Turkey and Algeria expressed commitment to increasing bilateral trade volume to $5 billion from its current level of $3.1 billion during President Recep Tayyip Erdoğan’s visit to the country.
“Our investments in Algeria stand around $3.5 billion and the figure is the expression of our entrepreneurs’ confidence in Algeria. We have evaluated the possibility of increasing the trade volume with Algeria, our second-largest trade partner in Africa, to $5 billion,” Erdoğan said Sunday during a joint news conference with his Algerian counterpart President Abdelmadjid Tebboune in the capital Algiers.
Data from the Turkish Statistical Institute (TurkStat) revealed that the bilateral trade volume between Turkey and Algeria was recorded at $3.16 billion. Turkish exports to the country stood at $2.03 billion while imports from Algeria totaled $1.13 billion. In the period of January-November, Algeria’s exports to Turkey totaled $655.7 million and its imports from Turkey reached $1.7 billion.
The president drew attention to the more than 500 years of relations between Turkey and Algeria, strengthened by a shared history and deep-rooted fraternity and friendship. “We aim to further improve our bilateral rapport in every aspect,” he added.
Turkey’s rapport with Algeria dates back to the 16th century when Ottoman Navy Admiral Barbaros Hayreddin Paşa came to the country in 1516. The North African country was an Ottoman vassal state from 1519 to 1830, when the French invaded and colonized the country. The two countries celebrated the 500th anniversary of bilateral ties in 2016.
Diplomatic relations between Ankara and Algiers were instituted in 1962 when Algeria reclaimed its independence from French colonialists.
The “Friendship and Cooperation Agreement,” which was signed when President Erdoğan visited Algeria in 2006 during his term as prime minister, has been a strong foundation for bilateral relations.
During President Erdoğan's visit to Algeria in February 2018, various aspects of the bilateral relations were taken up and both sides have reiterated their readiness to further deepen bilateral ties.“Turkey believes in the prosperous future of Algeria. Our relations are not based on a market-driven perception. We are improving relations based on the win-win principle and support our businesspeople to form new partnerships and create new job opportunities,” Erdoğan said.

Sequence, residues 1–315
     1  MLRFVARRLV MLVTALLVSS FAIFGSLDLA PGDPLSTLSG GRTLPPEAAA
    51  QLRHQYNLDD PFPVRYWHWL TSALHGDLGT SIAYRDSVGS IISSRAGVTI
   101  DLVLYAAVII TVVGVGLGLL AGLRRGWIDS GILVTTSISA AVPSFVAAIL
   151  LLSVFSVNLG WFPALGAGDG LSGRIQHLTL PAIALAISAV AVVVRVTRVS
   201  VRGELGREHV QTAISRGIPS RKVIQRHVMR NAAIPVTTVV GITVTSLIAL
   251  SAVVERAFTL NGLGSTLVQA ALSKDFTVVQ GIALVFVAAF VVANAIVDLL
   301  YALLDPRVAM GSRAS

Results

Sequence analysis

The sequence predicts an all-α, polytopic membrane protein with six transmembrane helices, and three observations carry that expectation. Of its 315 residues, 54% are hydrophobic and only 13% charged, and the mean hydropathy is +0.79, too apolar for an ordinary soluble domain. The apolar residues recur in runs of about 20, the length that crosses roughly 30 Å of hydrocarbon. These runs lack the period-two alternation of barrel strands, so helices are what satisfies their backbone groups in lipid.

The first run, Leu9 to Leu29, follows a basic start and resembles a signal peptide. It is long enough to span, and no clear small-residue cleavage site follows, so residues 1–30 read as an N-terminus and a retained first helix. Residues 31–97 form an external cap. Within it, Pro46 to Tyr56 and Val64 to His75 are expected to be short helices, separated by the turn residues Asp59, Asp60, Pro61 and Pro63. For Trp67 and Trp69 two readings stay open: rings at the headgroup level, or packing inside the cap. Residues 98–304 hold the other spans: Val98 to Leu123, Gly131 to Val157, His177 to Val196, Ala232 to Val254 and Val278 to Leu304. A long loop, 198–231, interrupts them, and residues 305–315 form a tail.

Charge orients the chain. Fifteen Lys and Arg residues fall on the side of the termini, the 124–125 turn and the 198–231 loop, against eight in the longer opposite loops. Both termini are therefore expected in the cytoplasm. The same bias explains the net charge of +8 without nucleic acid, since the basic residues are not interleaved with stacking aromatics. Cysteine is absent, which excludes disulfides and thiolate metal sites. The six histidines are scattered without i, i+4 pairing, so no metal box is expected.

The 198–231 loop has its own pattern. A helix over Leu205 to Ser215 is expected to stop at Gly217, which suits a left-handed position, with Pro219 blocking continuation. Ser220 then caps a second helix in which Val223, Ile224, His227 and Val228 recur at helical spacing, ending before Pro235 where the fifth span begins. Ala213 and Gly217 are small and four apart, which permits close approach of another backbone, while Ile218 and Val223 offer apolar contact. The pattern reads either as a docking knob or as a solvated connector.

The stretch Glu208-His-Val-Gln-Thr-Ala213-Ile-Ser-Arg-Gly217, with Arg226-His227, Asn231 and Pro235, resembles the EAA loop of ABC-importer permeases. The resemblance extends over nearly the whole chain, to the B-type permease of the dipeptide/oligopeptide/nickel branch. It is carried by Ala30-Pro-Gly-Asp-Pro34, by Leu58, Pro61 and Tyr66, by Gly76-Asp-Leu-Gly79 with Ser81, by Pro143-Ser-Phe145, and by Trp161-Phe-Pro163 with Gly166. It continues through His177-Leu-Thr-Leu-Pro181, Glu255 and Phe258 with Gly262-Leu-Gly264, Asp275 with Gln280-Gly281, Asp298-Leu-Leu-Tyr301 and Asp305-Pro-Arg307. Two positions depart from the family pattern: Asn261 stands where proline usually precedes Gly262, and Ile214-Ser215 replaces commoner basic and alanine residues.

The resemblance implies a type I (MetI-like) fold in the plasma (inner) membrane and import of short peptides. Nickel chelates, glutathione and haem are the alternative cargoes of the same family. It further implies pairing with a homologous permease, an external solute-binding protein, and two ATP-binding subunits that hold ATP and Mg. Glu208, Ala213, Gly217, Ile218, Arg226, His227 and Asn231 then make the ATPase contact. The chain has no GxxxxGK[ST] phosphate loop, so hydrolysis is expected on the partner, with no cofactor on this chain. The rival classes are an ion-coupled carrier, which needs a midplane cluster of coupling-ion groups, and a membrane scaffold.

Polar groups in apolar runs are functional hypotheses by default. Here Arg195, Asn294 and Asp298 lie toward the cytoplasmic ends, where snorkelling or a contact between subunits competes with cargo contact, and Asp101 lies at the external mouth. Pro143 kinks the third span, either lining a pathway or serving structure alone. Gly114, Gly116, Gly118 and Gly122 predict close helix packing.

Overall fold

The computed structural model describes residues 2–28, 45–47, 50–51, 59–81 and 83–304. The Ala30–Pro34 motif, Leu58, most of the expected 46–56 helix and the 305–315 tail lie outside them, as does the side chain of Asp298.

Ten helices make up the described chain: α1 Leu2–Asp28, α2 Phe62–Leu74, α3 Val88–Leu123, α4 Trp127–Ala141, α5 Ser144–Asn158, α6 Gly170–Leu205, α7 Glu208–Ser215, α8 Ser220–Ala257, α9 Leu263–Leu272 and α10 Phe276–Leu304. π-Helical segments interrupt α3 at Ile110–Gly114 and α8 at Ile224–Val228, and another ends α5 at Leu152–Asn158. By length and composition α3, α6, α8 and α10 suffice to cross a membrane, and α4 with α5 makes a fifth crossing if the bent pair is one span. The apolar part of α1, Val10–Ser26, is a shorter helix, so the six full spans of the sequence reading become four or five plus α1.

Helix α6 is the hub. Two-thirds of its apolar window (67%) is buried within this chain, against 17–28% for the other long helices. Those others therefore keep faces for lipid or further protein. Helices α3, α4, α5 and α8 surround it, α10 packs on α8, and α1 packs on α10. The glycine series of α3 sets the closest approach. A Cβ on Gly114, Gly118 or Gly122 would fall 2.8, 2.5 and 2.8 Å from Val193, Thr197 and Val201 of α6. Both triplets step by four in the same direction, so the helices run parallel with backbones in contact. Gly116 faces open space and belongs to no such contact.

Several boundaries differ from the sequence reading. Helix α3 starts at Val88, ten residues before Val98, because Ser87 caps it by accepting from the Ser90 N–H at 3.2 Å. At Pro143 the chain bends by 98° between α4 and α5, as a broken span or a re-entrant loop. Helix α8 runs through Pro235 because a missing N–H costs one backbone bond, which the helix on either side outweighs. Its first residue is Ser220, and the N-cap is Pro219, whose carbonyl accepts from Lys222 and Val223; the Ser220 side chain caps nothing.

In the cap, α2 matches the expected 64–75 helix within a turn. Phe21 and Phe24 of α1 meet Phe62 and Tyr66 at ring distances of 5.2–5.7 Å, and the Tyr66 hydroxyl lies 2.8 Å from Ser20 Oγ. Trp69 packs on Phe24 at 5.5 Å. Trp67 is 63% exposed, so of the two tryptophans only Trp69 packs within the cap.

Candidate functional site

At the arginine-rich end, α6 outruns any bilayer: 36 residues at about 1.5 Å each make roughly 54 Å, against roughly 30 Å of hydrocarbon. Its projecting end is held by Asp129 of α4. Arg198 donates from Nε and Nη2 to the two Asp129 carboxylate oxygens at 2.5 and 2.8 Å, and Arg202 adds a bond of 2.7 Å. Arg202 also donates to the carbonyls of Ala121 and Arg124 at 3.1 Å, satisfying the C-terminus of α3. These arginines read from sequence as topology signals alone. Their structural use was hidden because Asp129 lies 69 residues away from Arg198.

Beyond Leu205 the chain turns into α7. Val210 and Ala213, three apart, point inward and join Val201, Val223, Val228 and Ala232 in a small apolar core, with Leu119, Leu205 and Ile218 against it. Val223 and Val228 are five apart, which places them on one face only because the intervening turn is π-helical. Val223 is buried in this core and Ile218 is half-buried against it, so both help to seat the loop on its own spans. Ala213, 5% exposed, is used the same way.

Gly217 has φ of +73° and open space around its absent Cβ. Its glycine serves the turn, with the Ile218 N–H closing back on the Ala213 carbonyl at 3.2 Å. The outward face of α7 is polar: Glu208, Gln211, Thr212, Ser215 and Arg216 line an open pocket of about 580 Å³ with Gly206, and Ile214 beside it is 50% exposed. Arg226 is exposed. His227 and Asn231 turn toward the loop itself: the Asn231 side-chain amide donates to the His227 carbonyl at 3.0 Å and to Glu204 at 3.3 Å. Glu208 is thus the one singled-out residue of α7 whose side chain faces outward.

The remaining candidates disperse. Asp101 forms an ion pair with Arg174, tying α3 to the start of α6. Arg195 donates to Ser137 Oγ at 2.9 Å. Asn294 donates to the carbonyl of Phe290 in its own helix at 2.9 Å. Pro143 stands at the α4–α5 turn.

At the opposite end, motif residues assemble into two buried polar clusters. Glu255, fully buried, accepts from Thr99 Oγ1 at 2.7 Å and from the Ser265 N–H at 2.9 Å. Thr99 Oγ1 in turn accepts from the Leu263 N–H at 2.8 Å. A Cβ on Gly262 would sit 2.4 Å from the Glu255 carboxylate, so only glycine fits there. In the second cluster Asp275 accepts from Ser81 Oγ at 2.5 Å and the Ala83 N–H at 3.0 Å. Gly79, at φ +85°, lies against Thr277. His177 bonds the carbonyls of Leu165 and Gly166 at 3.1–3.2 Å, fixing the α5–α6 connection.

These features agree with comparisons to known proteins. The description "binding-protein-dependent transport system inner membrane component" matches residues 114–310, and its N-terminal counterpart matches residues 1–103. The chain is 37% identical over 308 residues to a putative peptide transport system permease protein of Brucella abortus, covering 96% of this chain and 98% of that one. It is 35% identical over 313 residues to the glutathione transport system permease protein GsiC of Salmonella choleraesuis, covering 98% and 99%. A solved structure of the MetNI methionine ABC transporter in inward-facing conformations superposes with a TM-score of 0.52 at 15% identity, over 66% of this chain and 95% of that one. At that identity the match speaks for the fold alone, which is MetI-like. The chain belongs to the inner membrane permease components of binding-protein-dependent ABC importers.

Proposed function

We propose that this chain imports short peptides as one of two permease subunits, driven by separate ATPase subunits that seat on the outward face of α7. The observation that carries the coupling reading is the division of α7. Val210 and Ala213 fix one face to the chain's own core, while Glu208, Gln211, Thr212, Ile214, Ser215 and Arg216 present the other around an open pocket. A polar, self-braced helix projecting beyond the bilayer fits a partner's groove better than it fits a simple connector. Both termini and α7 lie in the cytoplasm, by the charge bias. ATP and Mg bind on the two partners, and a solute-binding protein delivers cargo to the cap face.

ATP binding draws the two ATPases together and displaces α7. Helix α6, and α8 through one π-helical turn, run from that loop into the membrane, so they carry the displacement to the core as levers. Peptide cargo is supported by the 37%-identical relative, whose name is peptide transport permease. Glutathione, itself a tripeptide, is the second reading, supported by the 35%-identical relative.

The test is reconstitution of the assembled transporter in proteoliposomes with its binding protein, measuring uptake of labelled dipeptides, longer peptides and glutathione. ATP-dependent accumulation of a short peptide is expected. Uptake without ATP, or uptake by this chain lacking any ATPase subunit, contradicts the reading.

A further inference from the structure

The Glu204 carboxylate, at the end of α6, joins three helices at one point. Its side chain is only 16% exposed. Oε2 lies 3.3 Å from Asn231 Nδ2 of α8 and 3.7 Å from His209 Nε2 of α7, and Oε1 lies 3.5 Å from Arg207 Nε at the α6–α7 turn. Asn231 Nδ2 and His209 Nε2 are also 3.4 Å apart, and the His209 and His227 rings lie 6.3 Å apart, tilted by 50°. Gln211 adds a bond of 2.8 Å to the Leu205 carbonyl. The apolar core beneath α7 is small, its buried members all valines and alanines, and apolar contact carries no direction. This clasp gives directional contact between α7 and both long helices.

Turkish construction firms are working inter alia on cultural restoration sites, such as Kechiova Mosque and the Casbah neighborhood in the capital. The historical Kechiova Mosque underwent renovation and was reopened to the public on April 9, 2018.
Speaking of the visa requirements, Erdoğan announced that Turkey removed the visa regime for Algerian citizens who are younger than 15 years old and older than 65 years old. “By opening new visa centers, we are facilitating the visits of our Algerian brothers and sisters to Turkey,” the president added.
“We have also decided to cooperate in the defense industry to meet the needs of Algerian security forces,” Erdoğan said.
Through a joint statement to be signed by the two presidents during the visit, the Turkey-Algeria High-Level Cooperation Council was also established.
For his part, the Algerian president remarked that his country believes in the potential to further improve relations with Turkey. “We believe that Turkey and Algeria can walk on the path to a common future. We have decided to raise our bilateral trade to $5 billion,” Tebboune said.